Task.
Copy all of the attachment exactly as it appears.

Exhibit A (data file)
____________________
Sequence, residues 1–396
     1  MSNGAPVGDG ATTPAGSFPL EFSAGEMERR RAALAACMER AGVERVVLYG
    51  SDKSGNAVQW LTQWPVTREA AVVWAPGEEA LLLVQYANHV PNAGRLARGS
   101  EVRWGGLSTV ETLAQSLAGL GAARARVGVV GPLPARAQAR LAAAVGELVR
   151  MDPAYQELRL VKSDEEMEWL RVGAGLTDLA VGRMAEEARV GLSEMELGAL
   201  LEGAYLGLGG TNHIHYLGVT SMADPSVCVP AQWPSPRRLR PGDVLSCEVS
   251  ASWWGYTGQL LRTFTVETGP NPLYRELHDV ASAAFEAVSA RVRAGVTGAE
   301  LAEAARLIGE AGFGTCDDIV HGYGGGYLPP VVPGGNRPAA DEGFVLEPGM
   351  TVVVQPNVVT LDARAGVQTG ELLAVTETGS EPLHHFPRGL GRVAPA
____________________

Sequence, residues 1–396
     1  MSNGAPVGDG ATTPAGSFPL EFSAGEMERR RAALAACMER AGVERVVLYG
    51  SDKSGNAVQW LTQWPVTREA AVVWAPGEEA LLLVQYANHV PNAGRLARGS
   101  EVRWGGLSTV ETLAQSLAGL GAARARVGVV GPLPARAQAR LAAAVGELVR
   151  MDPAYQELRL VKSDEEMEWL RVGAGLTDLA VGRMAEEARV GLSEMELGAL
   201  LEGAYLGLGG TNHIHYLGVT SMADPSVCVP AQWPSPRRLR PGDVLSCEVS
   251  ASWWGYTGQL LRTFTVETGP NPLYRELHDV ASAAFEAVSA RVRAGVTGAE
   301  LAEAARLIGE AGFGTCDDIV HGYGGGYLPP VVPGGNRPAA DEGFVLEPGM
   351  TVVVQPNVVT LDARAGVQTG ELLAVTETGS EPLHHFPRGL GRVAPA